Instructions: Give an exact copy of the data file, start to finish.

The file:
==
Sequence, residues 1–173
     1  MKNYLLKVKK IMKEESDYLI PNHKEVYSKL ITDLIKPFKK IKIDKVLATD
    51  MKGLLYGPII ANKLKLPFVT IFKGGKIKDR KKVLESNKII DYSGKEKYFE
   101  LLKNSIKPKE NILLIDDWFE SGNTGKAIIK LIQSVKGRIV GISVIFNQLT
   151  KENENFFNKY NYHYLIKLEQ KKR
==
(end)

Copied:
Sequence, residues 1–173
     1  MKNYLLKVKK IMKEESDYLI PNHKEVYSKL ITDLIKPFKK IKIDKVLATD
    51  MKGLLYGPII ANKLKLPFVT IFKGGKIKDR KKVLESNKII DYSGKEKYFE
   101  LLKNSIKPKE NILLIDDWFE SGNTGKAIIK LIQSVKGRIV GISVIFNQLT
   151  KENENFFNKY NYHYLIKLEQ KKR